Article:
The utilities feared they would never recover those investments, known as "stranded costs," in a deregulated environment where they would have to lower rates to compete with companies selling energy from newer, more efficient plants. But sensing that deregulation was inevitable, they set out to shape it. By 1995, Edison was openly campaigning for the PUC to enact a British-style system that it viewed as less threatening than other proposals. Although it included an end to the monopolies, the scheme would still channel wholesale energy purchases through a regulated "pool," similar to a commodities exchange, which would bring buyers and sellers together while stabilizing prices. Big energy consumers didn't like the idea, complaining it would give the utilities too much control over the market. Big users pressed state officials to let them negotiate directly with other suppliers as part of any deregulation plan. PG&E, the largest of the utilities, generally sided with the manufacturers, as did Houston-based Enron and a host of out-of-state suppliers who have since made a killing in California.
In the spring of 1995, Edison and the manufacturers were at such loggerheads -- and the pressure each was bringing to bear in Sacramento so intense -- that deregulation almost foundered just as Wilson was getting ready to run for president. To get things back on track, the governor directed two aides, George Dunn, his chief of staff, and Philip Romero, his chief economist, to convene negotiations with the major parties. "It was analogous to the Arab-Israeli peace talks," recalls Romero, now dean of the business school at the University of Oregon. The participants included lobbyists and lawyers for Edison, the California Large Energy Consumers Association, the California Manufacturers Association, and the Independent Energy Producers Association. Consumer groups weren't invited. Over the spring and summer, these big-money interests -- meeting in hotel conference rooms, the governor's office, and the manufacturers association board room in Sacramento -- determined among themselves what deregulation in California should mean.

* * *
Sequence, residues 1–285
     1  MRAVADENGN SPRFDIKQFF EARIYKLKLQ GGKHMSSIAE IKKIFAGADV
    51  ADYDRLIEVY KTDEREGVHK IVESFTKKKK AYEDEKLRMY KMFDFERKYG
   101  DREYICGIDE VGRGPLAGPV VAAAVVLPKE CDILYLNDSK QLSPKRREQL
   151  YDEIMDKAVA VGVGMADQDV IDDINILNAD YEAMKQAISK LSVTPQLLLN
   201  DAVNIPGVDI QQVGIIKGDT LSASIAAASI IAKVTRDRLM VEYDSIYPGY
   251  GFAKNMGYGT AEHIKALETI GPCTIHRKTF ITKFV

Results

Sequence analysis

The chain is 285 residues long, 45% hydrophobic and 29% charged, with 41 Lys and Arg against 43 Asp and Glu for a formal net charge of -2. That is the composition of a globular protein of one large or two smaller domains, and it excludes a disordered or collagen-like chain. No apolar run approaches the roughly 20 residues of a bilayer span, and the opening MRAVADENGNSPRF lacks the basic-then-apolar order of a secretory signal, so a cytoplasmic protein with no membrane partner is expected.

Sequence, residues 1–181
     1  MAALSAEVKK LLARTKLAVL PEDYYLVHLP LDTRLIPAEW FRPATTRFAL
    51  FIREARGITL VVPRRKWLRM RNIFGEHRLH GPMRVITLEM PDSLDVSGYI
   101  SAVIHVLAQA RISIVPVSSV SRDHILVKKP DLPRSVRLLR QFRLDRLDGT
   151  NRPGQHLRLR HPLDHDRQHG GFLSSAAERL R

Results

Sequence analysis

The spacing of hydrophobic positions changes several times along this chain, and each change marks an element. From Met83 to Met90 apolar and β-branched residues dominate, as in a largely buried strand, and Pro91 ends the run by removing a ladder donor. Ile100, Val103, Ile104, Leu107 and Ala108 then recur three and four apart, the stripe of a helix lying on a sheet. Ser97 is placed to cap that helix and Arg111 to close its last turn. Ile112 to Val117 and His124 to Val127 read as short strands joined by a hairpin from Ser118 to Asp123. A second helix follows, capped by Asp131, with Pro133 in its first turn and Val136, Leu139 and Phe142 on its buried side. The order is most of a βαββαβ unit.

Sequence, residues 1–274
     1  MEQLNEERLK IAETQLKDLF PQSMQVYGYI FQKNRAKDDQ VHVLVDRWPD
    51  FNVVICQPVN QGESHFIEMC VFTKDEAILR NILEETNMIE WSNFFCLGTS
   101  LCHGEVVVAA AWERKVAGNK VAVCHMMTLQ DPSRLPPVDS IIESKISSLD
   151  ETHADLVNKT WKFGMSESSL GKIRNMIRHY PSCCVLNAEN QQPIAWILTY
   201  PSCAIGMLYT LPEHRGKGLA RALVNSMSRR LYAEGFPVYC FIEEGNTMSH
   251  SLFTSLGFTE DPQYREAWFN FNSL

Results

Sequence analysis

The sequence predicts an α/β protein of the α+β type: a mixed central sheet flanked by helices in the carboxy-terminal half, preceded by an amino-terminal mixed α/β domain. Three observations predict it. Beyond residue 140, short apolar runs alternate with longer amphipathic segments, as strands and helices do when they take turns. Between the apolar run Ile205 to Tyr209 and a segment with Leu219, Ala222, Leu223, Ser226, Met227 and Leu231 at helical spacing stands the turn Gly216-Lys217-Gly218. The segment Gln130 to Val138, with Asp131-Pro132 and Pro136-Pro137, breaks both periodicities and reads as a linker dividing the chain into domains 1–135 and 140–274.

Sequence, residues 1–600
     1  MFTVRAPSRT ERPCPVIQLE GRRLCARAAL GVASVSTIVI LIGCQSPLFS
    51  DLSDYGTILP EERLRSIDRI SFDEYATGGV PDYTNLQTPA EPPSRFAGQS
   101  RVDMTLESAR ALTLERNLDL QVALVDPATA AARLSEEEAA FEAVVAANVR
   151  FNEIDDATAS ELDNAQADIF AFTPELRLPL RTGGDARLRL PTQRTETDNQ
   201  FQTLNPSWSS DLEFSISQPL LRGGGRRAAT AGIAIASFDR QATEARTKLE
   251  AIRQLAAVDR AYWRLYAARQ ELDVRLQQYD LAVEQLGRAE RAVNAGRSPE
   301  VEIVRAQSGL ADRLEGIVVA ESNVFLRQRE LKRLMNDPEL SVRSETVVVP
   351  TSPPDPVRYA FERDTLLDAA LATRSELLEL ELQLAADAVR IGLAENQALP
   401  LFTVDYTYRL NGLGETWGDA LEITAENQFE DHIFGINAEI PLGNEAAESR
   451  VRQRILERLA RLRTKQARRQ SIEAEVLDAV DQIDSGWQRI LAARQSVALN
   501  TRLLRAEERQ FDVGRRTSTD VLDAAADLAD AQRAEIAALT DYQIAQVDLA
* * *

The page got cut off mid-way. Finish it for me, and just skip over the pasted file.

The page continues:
As part of the scheme, the utilities would buy and sell their power through a pool, but to placate the manufacturers, all consumers would be free (in theory, at least) to buy from suppliers outside the pool. But the real zinger -- the backroom provision deemed essential to win the utilities' support -- was an agreement that any deregulation plan ensure that the utilities be reimbursed for their "stranded costs." The provision potentially meant $12 billion to Edison alone, whose chief executive officer, John Bryson, was a key figure among the utility players. In December 1995, the PUC -- whose five-member board counted four Wilson appointees -- rubber-stamped the deal. Consumer advocates were outraged, mostly over the idea of bailing out Edison and the others for their nuclear boondoggles. They soon had even more to be angry about.
Although elated with the PUC's decision, the behind-the-scenes players Wilson had brought together weren't satisfied. As an appointive body whose members are chosen by the governor to serve staggered six-year terms, the PUC's decisions are subject to revision, not only by the Legislature and the courts but by the commission itself. The utilities and industrial users, who had written their own ticket, wanted their gains locked in by law, not subject to bureaucratic whim. Critics of deregulation say that, at the same time, lawmakers' willingness to get into the act was fueled by campaign contributions flowing from a host of powerful interests, including the utilities, big business, oil companies, and organized labor. "[Legislators] knew they couldn't get any contributions if the PUC decided the issue," says Snyder, the Consumers Union lobbyist.
The job of championing the bill to codify the PUC's actions fell to then-assemblyman and current state Senator Jim Brulte, the bill's official sponsor. But it was Peace, a Democrat from the San Diego suburbs, who was responsible for shepherding it through a legislative conference committee. His role earned him the tag "architect of deregulation," a title he has since pointedly disavowed.